But suppose I was envious of your tomatoes.  That would be getting mad because your tomatoes were better than mine. I could sneak out at night and poison your tomatoes! Then neither of us would have good tomatoes. In the first reaction, we both win. In the second, we both lose.  Envy tears down, while competition and cooperation builds up. 

 The New Testament makes this distinction in two ways. One way is combining the word “jealousy” with a word for “strife” or “war.”  We see this in James 3: 16

“For where jealousy and selfish ambition exist, there will be disorder and every vile practice.”

The word selfish ambition is the word eris,--meaning a quarrel or an argument. It comes from Ares or Mars, the Greek god of war. The feeling of jealousy combined with war makes it evil.

The same words are used in Romans 1: 29

“They were filled with all manner of unrighteousness, evil, covetousness, malice. They are full of envy, murder, strife, deceit, maliciousness.”   Again it is used in 1 Corinthians 3: 3 “for you are still of the flesh. For while there is jealousy and strife among you, are you not of the flesh and behaving only in a human way?”

The New Testament uses a different word for envy—phtheiro, meaning “to waste, ruin, or shrivel.”  Zeal builds up; envy tears down. It is wholly destructive. It’s one thing to want good for ourselves; it is quite another to deny good to others, or to envy their prosperity.

The Bible has a lot to say about envy.  For example,

”A tranquil heart gives life to the flesh, but envy makes the bones rot..”  Proverbs 14:30

"What comes out of a person is what defiles him. For from within, out of the heart of man, come evil thoughts, sexual immorality, theft, murder, adultery, coveting, wickedness, deceit, sensuality, envy, slander, pride, foolishness."  Mark 7: 20-22

“Love is patient and kind; love does not envy or boast; it is not arrogant or rude. 1 Corinthians 13:4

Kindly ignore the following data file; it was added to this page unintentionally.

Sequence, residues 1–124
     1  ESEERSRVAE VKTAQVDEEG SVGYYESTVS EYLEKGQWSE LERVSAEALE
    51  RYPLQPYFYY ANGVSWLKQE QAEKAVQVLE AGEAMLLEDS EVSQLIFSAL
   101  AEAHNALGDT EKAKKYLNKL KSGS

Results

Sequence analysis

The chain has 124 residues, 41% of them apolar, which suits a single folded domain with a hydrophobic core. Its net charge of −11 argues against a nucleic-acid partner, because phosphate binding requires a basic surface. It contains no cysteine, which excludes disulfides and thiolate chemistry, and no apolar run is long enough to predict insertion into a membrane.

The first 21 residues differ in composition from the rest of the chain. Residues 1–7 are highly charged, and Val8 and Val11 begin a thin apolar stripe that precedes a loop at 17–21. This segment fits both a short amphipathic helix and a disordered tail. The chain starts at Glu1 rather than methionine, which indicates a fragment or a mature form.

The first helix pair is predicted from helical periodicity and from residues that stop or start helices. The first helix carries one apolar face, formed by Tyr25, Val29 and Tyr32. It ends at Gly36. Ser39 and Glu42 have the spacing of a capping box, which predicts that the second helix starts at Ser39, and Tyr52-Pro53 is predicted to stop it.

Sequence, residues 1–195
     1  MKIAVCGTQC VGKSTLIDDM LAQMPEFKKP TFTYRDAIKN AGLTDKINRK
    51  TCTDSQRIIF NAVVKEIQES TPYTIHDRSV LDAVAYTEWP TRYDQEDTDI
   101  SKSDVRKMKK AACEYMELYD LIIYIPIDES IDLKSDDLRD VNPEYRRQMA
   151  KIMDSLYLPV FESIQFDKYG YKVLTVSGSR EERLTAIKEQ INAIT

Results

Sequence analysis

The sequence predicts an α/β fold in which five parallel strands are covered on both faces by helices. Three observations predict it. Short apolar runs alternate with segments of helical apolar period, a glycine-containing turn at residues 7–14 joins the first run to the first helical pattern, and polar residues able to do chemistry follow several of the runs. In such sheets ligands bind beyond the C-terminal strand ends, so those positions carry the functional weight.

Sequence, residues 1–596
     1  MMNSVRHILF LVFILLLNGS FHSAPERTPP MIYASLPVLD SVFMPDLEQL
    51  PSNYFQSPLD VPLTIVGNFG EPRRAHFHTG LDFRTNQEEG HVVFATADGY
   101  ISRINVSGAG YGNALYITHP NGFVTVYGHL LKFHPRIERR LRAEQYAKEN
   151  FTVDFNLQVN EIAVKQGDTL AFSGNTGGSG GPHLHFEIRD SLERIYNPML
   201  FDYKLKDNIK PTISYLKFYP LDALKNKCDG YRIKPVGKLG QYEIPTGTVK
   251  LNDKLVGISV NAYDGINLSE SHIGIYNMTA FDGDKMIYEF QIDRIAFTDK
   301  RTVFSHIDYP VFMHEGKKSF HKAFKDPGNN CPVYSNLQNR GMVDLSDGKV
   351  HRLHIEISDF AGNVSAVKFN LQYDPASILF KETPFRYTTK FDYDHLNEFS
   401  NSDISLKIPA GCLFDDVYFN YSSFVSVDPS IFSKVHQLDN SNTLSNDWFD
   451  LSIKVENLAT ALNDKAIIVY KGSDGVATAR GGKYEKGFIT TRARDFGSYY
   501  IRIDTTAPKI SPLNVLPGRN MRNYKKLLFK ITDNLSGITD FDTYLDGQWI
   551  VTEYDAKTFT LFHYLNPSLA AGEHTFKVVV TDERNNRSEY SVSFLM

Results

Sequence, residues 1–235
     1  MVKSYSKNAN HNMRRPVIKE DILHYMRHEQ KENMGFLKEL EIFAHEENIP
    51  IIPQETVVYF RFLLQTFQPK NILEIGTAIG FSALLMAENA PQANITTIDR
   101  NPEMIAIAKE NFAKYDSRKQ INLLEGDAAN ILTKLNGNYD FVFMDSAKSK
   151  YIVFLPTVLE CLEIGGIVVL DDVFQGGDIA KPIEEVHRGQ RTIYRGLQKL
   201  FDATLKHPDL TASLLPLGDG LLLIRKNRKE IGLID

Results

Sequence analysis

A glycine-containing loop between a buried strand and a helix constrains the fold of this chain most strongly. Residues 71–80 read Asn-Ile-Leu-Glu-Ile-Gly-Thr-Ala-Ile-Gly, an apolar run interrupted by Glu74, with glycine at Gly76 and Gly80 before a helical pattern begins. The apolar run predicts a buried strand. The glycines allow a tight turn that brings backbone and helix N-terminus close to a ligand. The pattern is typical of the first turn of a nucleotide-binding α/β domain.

“Fret not yourself because of evildoers, and be not envious of the wicked, for the evil man has no future; the lamp of the wicked will be put out.”  Proverbs 24: 19-20

Zeal builds up; Envy tears down.

What is the root of envy? It comes from a sense of want. James says this in James 4: 1-4,

What causes quarrels and what causes fights among you? Is it not this--that your passions are at war within you? You desire and do not have, so you murder. You covet and cannot obtain, so you fight and quarrel. You do not have, because you do not ask. You ask and do not receive, because you ask wrongly, to spend it on your passions.”

When we are young, we believe we compete with our brothers and sisters for the attention of our parents. Our parents have a finite amount of attention to give. When we grow older, we transfer that idea over to God. We assume that God also has only a small amount of blessings to give, and that if someone else receives, we won’t.

That was the first mistake of Cain. He assumed that if Abel his brother was blessed by God, then he could not be blessed. So Cain killed his brother, because he thought Abel stole his blessing from God. What he did not know was that God could give all His love to both of them.

If God has given one person more than another in looks, talents, or material prosperity, then what business is that of ours?  If God gives one man a million dollars and another a thousand, He still has plenty to give. His million has nothing to do with my thousand. God could give each one a hundred million, a billion, or a hundred billion dollars each, and it would make no difference to Him. Whatever God has given or not given to us, it is because of His knowledge and purpose for our lives. He is not stingy, He is just loving in different ways.

The Bible gives us many examples of jealousy like Cain and Abel, Jacob and Esau, Saul and David--But one of the best examples of envy is the parables of the Prodigal son in Luke 15.